Well I had a jewellery day today. Burred my tube with a ball burr, then a setting burr (this was for the faceted stone). The burs measured half a mil smaller than my stone but with a bit of a wiggle my stone fit snuggly. Made a ring, sawed out a tube sized gap in the ring, filed the ends concave and soldered the tube in. Soldered it really really seriously wonky . I've never soldered a setting "into" a shank before, as opposed to "onto" a fully round shank, and my baby butane torch didn't put out enough heat to flow both solder joins at once, hence I did them one at a time. Now however, I have no idea how I might get it hot enough to true it, or get it off altogether to try again

    For this evening I have solved this problem in the only way I know how - pub.

    Pesky pesky tube!

    Faith
    Getting heads and shanks perfectly aligned for soldering is a fiddle - make no mistake. And the more perfectly you align them the more an infernal law tends to operate that means they move out of alignment at the critical moment.

    To discourage the infernal law from operating you really need to hold things in position so that their tendency to move out of alignment will be removed or reduced. Binding wire is one option (fiddly and tedious for rings); another is titanium soldering clamps; yet another is head/shank tweezers, which can also be fiddly to set up but which are probably the firmest way out of the three of securing head and shank together immovably.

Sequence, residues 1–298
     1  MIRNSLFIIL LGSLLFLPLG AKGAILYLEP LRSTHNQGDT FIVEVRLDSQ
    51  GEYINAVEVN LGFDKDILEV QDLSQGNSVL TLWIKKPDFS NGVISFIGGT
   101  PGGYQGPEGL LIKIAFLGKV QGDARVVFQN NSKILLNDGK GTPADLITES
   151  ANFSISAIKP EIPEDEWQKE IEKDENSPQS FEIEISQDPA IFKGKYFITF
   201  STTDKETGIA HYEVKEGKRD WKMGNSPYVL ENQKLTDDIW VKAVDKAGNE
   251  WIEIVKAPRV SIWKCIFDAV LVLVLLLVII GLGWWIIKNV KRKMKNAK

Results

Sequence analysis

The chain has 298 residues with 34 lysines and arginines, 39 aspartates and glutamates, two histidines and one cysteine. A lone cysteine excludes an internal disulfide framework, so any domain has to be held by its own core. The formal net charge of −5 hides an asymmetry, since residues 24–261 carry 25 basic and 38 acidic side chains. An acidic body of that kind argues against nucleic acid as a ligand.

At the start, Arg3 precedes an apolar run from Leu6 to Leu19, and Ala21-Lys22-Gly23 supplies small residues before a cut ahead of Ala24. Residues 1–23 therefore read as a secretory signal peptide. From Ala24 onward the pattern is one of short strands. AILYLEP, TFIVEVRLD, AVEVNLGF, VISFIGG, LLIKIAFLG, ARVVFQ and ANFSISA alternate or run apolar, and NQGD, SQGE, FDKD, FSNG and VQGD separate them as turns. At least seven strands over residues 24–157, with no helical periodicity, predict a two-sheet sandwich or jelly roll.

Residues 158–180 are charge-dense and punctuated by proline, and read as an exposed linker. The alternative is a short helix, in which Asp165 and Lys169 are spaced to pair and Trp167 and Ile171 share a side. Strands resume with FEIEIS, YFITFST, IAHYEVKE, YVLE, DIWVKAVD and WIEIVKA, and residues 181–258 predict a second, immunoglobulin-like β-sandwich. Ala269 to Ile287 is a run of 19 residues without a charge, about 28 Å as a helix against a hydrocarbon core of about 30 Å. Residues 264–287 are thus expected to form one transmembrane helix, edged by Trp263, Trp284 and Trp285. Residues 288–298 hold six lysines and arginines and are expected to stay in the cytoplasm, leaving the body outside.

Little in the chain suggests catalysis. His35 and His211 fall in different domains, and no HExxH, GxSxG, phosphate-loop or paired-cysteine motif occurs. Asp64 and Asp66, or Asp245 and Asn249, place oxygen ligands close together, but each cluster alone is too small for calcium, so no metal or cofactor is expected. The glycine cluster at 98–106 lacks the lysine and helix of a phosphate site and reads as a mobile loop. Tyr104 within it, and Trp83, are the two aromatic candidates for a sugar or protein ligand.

In the present case, you could have a go at remelting the solder and giving the setting a nudge. If you need to have more than one or two goes to achieve the desired alignment you may blow out too much of the old solder and have to start again; or you may inadvertently melt your setting.

    I'd be inclined to try once or twice at melting the old solder and repositioning, and if you fail to improve things by then to desolder the setting completely, pickle it and the shank thoroughly, reposition with new solder using one of the holding methods I've described, and have a fresh go - preferably not immediately after your return from the pub, or you may need to head off down there again for liquid consolation.
    Last edited by Aurarius; 02-10-2016 at 12:57 AM.